Anant Centre for Sustainability has published a new study on Industrial symbiosis in Indian industrial estates. Titled ‘Industrial Symbiosis in India – Challenge or Opportunity? Learning from a study of Naroda Industrial Estate, Gujarat’,the report analyzed the challenges of waste exchange among 65+ manufacturing companies in the Naroda Industrial Estate, Ahmedabad.
The report’s primary purpose is to encourage collaboration and exchange underutilized (non-hazardous) waste materials of a company or the sector with another company to achieve a competitive advantage and attain a closed-loop materials system within geographic proximity.
Naroda Industrial Estate (NIE) comprises more than 1200 manufacturing companies and is considered one of the largest eco-industrial development sites founded by the Gujarat Industrial Development Corporation.
The study performed quantitative and qualitative research methods to evaluate the material flow (raw materials, products, and waste materials of a company), the monetary flow of the waste materials and conducted social network analysis.
The study revealed how 78% of the waste generated from an industrial estate is sold, traded, or donated to formal and informal waste dealers, while 13% of the waste materials are dumped or destroyed in an open field. It also discovered that only 9% of the waste materials are reused within the generating facilities.
Furthermore, from the waste materials sent to the formal and informal waste dealers, only 1% of the waste is utilized in a symbiotic relationship. This exchange of waste between company owners is a self-driven symbiotic relationship on trust and cooperation.
The informal waste dealers primarily capture the waste materials market in an industrial estate. It remains an underused resource in closing the material loop.
Adequate legal support to the informal waste markets will provide a regular supply of materials to the formal recycling firms within an industrial estate. It will also prevent the exploitation of informal waste dealers.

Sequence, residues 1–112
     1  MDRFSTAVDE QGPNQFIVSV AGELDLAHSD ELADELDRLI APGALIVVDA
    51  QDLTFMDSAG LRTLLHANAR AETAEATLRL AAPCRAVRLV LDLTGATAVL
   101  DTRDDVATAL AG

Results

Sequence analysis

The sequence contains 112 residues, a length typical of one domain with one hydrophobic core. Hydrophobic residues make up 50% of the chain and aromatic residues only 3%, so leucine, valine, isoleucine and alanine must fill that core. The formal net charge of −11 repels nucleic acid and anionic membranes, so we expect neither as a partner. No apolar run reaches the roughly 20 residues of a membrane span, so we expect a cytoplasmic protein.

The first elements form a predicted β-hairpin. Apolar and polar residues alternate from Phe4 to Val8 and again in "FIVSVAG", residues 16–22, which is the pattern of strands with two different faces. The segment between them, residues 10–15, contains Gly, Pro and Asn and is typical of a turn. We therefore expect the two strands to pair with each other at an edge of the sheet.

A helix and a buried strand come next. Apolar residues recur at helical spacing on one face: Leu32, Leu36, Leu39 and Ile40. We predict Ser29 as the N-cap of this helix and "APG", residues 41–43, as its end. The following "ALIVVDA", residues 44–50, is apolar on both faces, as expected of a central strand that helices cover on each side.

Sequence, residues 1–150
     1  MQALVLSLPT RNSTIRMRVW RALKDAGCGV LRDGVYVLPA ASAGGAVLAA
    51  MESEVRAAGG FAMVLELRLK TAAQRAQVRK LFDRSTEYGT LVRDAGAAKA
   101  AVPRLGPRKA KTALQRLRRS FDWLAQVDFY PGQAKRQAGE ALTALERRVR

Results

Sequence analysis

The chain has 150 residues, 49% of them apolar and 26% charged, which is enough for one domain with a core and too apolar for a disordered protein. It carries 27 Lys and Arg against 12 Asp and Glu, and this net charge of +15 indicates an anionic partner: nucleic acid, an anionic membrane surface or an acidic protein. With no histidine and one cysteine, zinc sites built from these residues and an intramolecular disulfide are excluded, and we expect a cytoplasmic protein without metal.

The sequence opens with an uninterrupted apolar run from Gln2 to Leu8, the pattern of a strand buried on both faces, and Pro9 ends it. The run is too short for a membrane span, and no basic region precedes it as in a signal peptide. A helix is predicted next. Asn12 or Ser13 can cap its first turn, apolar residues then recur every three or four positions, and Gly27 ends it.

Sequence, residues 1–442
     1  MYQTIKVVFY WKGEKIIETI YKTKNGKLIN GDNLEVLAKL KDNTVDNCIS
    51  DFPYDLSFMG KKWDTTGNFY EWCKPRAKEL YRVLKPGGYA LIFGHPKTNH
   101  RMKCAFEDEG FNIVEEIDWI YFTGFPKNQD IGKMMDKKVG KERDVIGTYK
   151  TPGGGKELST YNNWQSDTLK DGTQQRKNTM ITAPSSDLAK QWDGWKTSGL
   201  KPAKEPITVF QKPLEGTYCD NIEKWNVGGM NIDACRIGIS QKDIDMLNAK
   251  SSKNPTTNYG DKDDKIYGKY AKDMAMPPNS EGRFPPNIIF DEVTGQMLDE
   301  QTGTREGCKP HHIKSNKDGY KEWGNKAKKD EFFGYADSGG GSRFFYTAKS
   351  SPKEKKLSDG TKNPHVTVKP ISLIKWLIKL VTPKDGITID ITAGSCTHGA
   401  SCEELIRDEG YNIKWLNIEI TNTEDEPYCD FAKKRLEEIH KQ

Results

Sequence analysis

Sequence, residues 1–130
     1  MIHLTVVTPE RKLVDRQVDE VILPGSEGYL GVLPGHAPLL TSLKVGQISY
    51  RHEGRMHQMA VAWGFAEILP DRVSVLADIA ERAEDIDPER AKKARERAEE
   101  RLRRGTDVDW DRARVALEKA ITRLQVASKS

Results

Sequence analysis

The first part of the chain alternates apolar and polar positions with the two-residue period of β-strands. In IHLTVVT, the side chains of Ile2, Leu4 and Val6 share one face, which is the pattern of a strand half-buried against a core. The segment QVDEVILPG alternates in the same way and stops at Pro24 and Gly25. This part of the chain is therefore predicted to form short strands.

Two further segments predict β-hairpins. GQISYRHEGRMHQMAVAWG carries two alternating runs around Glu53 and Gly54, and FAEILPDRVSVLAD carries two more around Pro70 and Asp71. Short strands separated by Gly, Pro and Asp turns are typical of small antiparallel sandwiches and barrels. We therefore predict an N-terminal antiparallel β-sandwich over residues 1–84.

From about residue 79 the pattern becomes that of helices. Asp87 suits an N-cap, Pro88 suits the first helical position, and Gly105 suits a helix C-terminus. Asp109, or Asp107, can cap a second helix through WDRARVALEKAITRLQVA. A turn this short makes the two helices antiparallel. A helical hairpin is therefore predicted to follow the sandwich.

NIE has a plastics recycling firm within a 20 km radius; at the same time, NIE generates a lot of plastic waste.
One of the simplest and actionable solutions is that if the plastic waste generated within NIE is aggregated and sold to recycling firms with NIE, this will shorten the long material flow and improve the capacity utilization of the recycling plant. Other advantages include indirect reduction of transportation costs, greenhouse gas (GHG) emissions, etc.
Among the actionable solutions, the industries association office of every industrial estate has the potential to act as a local hub to initiate collaboration among companies to exchange dialogue and resources.
For instance, from time to time, these associations typically invite stakeholders to discuss several environmental problems concerning the industrial estate, which could serve as an excellent opportunity to share information and initiative towards industrial networking projects.
Strategic dialogue between bureaucrats, industrial owners, and academia can resolve environmental problems.
The report concludes with an adequate framework for industrial symbiosis implementation in industrial units and clusters in India. The framework is backed by an Information and Communication Technology (ICT) platform architecture to enable a cross-sectional analysis of several companies to successfully establish industrial symbiosis networks or waste exchange platforms.
The current policies in India are, to a great extent, aligned more towards developing technical conditions and cleaner production processes. In contrast, formal and informal collaborations, social needs, and the entrepreneurs’ specialized knowledge in waste management in industrial estates are not adequately utilised.
The pandemic caused by the novel virus, Covid-19, has revealed the risks associated with inadequate sanitation practices. Therefore we must realise now that focused attention to the colossal amounts of toxic industrial waste is imperative.
Further, for facilitating the post-covid economic recovery, we can no longer afford to throw away waste that potentially golds value. Waste to wealth practices need to be maximised to ensure that we are able to build back economies and livelihoods of people.
“Industrial estates in India can retro-fit industrial symbiosis practices or can incorporate them at the design phase itself. The manufacturing sector requires to change at an unprecedented rate to build back the economy better and greener. The research report will be a key tool in enabling this transition within industrial estates,” said Gokulram A, Researcher & Project Manager, Anant Centre for Sustainability, Anant National University.
Anant Centre for Sustainability is a think-do-teach tank residing within Anant National University that focuses on affordable housing, indigenous models of circular economy, and building sustainable education campuses in India.